On July 1, 2016, the City of Philadelphia’s new Wage Theft Ordinance went into effect. In substance, the Ordinance provides employees who fall within the scope of the Ordinance another means for seeking to recover unpaid wages (i.e., “wage theft” under the Ordinance), it creates the position of wage theft coordinator in Philadelphia, and it imposes new compliance obligations on employers who are subject to the Ordinance.
Justice Antonin Scalia’s death created a 4-4 split among liberal and conservative-leaning Justices, rendering tidy scorecards and trends regarding this past Supreme Court session’s employment law jurisprudence imprudent. The employment law “blockbuster” decisions, which many had hoped for, never debuted. Instead, the Court punted several cases back to circuit courts and issued deadlocked ties or rulings limited in scope.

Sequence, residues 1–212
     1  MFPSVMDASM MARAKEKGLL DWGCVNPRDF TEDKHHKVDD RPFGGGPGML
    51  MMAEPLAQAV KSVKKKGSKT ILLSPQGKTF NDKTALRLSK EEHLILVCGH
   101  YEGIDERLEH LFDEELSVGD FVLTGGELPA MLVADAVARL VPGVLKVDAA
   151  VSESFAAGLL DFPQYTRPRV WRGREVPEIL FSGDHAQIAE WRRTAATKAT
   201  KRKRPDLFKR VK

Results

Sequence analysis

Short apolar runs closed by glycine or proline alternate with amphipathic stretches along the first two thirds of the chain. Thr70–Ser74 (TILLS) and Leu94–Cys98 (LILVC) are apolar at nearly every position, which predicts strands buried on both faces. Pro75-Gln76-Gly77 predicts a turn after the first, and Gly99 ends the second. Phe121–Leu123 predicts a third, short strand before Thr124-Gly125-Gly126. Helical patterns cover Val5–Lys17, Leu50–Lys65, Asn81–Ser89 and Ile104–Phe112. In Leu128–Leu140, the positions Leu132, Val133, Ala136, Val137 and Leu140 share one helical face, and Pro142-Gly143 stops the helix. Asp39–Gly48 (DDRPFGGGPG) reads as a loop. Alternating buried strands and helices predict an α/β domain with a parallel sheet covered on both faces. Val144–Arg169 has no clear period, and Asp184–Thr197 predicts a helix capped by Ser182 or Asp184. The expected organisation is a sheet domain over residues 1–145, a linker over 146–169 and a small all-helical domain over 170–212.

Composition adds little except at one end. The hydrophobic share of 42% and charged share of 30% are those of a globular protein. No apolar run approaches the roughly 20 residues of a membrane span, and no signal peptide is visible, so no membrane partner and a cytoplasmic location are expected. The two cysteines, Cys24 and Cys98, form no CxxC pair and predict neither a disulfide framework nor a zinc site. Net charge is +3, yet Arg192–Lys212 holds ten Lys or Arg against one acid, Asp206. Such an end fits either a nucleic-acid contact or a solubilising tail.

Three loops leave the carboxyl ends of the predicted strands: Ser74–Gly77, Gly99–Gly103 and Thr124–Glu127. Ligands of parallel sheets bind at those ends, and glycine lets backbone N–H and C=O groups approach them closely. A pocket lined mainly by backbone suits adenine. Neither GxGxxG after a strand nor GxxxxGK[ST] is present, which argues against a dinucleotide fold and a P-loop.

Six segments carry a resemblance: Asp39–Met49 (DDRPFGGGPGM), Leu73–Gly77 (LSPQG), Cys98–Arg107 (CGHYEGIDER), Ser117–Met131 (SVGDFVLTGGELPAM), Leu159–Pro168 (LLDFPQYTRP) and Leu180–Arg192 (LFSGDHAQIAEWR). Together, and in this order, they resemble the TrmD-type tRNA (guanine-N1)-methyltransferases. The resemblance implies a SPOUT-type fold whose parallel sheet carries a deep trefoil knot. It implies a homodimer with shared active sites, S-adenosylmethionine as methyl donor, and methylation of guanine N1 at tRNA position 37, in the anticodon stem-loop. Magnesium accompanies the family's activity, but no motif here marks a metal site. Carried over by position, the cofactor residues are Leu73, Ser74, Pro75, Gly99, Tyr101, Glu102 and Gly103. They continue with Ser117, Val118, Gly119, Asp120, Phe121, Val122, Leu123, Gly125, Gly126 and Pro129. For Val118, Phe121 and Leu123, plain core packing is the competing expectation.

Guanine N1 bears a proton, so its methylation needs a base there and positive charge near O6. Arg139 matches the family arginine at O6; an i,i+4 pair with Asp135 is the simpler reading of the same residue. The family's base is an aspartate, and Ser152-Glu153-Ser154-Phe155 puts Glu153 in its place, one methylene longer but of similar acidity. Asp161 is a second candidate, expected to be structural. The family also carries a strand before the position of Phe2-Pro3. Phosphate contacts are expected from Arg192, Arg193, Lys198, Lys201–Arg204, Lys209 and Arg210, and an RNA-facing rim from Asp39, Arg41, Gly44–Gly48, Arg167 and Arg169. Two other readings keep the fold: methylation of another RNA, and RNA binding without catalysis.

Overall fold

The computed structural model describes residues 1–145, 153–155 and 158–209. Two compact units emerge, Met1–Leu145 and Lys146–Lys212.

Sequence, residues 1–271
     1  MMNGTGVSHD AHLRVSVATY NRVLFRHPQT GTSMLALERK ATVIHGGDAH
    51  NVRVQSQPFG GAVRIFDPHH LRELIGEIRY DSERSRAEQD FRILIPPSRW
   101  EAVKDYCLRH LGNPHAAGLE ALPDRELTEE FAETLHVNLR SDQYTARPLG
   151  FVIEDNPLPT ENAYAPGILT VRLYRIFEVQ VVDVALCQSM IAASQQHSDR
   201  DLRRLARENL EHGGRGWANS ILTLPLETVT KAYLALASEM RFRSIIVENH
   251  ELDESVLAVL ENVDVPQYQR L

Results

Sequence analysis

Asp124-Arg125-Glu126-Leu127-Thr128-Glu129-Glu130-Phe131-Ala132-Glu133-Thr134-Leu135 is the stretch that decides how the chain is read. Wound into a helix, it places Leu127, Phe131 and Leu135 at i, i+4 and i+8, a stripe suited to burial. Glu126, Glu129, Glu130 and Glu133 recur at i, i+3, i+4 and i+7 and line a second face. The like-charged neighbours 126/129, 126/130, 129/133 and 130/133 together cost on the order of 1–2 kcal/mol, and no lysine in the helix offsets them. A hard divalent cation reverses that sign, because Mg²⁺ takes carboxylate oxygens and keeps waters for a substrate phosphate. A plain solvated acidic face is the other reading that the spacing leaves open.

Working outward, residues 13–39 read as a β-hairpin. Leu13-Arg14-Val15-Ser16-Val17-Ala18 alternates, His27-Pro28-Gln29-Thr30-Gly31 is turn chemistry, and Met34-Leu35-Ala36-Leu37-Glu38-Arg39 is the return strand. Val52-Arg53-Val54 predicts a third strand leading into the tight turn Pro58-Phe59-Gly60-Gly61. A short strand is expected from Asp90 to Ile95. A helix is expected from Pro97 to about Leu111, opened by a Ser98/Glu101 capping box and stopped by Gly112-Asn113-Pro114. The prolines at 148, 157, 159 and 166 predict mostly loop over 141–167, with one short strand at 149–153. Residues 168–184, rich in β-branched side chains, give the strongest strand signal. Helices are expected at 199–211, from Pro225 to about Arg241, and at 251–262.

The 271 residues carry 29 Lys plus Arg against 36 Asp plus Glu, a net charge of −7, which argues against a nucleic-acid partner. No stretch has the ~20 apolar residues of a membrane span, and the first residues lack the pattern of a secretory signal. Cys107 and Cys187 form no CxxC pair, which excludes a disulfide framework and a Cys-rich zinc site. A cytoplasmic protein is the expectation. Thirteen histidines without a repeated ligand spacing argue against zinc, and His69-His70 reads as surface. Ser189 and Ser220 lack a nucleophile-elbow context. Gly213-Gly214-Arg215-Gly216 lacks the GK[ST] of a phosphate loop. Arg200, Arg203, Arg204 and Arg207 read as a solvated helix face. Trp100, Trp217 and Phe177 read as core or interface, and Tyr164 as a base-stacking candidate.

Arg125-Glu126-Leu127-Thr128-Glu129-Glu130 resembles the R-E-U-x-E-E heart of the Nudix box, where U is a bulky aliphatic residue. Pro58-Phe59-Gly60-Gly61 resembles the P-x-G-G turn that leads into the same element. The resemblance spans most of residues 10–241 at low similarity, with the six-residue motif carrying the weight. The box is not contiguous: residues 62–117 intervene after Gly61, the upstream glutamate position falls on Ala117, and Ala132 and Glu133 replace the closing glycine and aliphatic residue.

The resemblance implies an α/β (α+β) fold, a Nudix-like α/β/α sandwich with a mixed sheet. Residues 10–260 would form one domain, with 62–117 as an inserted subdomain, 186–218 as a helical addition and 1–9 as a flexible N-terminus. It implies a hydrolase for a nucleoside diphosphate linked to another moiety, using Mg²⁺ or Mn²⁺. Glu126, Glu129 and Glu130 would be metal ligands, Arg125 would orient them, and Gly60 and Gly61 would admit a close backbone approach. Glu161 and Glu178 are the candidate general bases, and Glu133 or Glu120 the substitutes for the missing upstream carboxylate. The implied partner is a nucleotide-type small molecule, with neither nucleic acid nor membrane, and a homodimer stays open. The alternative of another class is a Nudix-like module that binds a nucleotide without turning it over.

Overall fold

Pennsylvania recently weighed in on the increasing and developing wage violation litigation, albeit from a procedural perspective, involving Uber Technologies, Inc. (“Uber”). On July 21, 2016, United States District Court Judge Michael M. Baylson of the Eastern District of Pennsylvania denied Uber’s request to compel arbitration, and Uber’s separate request to stay the pending court action.